Fortunately for the East India Company and their allies, Napoleon who had recently been defeated at the Battle of the Nile (1799) decided not to engage his army for the raid on India.

This is an example of a policy which was conceived on the basis of the vanity and avarice (desire) of the Russian Tsar.

“Only a month out and less than halfway to Khiva, relief came in an unexpected way: Tsar Paul was dead and the mission recalled, averting certain disaster for the Cossacks and sparing Russia an embarrassing humiliation.”

STAY SAFE, STAY SANE during the COVID-19 Pandemic

23 Jul

On Monday 20 July 2020, with two days to go for the Bangalore lockdown to be lifted, I caught myself talking to myself.

Not that it was anything new or that it had something to do with the grudgingly agreed self-incarceration imposed by COVID-19.

In my bookshelf, I located the bestseller by Shad Helmstetter PhD, “WHAT TO SAY WHEN YOU TALK TO YOURSELF”. On the fly leaf I saw that I had written my name and inscribed the date 20 July 2008. That was the year I lost my wife Anita to liver cancer. For anyone who finds he or she has started talking to himself or herself, read this book for inspiring self-mastery lines which are stamped on the mind.

I had written about “Staying Alive” and “Staying Sane” in one of my earlier posts. There is no point in staying alive if we have to spend the rest of our lives with an unhinged mind.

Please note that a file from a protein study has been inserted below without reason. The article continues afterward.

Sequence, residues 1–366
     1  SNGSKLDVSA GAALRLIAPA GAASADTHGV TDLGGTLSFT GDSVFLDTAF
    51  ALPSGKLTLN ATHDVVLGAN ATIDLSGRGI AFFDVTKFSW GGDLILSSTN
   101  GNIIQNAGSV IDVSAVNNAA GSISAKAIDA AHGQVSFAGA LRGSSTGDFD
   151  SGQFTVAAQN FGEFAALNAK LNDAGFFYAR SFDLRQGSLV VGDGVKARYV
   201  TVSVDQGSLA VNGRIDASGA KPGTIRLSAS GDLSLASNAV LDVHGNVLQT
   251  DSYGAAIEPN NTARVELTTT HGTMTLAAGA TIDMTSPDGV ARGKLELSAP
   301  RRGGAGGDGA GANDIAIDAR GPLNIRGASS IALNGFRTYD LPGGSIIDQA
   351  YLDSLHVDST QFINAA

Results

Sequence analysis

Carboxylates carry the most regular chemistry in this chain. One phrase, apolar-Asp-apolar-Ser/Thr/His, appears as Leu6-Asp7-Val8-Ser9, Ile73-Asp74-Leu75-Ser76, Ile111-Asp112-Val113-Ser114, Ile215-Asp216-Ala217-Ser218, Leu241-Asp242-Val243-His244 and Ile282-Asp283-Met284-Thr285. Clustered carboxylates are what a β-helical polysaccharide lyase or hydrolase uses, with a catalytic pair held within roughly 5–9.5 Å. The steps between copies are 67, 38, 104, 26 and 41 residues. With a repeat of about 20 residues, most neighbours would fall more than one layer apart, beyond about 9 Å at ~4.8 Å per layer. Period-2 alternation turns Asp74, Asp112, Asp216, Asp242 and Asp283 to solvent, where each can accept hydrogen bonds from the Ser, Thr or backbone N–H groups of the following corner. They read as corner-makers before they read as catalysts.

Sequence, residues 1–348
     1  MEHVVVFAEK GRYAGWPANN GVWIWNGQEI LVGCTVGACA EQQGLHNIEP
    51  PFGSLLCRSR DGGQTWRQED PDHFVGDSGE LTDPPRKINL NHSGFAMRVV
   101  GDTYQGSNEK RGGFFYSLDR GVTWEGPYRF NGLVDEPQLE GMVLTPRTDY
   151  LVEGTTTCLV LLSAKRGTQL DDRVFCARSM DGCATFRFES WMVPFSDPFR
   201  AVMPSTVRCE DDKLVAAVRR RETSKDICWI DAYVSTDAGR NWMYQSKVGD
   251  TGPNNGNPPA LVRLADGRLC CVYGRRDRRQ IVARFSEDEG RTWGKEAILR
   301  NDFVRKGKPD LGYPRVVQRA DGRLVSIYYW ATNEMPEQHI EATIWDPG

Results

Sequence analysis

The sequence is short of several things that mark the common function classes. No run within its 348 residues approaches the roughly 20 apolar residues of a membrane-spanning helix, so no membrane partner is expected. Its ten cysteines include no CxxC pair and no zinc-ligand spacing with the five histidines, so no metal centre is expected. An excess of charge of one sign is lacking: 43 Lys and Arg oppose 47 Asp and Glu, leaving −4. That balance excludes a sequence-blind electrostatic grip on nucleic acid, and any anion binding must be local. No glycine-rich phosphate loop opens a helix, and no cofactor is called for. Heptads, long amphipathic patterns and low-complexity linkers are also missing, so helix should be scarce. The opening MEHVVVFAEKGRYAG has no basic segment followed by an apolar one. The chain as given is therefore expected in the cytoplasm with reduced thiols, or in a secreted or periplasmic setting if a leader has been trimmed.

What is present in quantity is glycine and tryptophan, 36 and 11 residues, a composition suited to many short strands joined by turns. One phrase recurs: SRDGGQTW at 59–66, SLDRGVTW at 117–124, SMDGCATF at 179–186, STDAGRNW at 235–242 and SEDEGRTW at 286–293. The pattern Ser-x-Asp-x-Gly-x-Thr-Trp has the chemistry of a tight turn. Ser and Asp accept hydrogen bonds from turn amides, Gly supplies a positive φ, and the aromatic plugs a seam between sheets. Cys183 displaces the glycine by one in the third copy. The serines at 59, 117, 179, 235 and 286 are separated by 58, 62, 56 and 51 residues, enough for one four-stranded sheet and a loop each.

Prisoners, mental health patients and Superintendents of remote plantations or facilities have to learn to live with long periods of isolation.

My first job at the age of 20 involved living in a timber-felling coupe in the Wayanad (then spelt Wynad) for about six months. After spending the whole morning measuring timber logs, I had to walk back to my hut and write up the log species and measurements in my timber stock book. I then had to look up a ready reckoner to calculate the cubic volume of each log. One would imagine I would get the rest of the day off, but no such luck… The timber-laden lorries would start coming down from the coupe in low gear and I had to check the logs that were being taken out. I counted the number of logs while my supervisor checked the identification numbers chiselled into the sawn ends of logs sticking out at the back of the lorry. The logs would then be stamped with a hammer that placed the Forest Department seal near the number.

Back at the hut, I had to check off the dispatched logs and prepare my report to my Superintendent for the next day. This was done in the light of a kerosene lamp which was called “Raandhal” (Malayalam corruption of “Lantern”). I still have that lamp in my flat in Bangalore.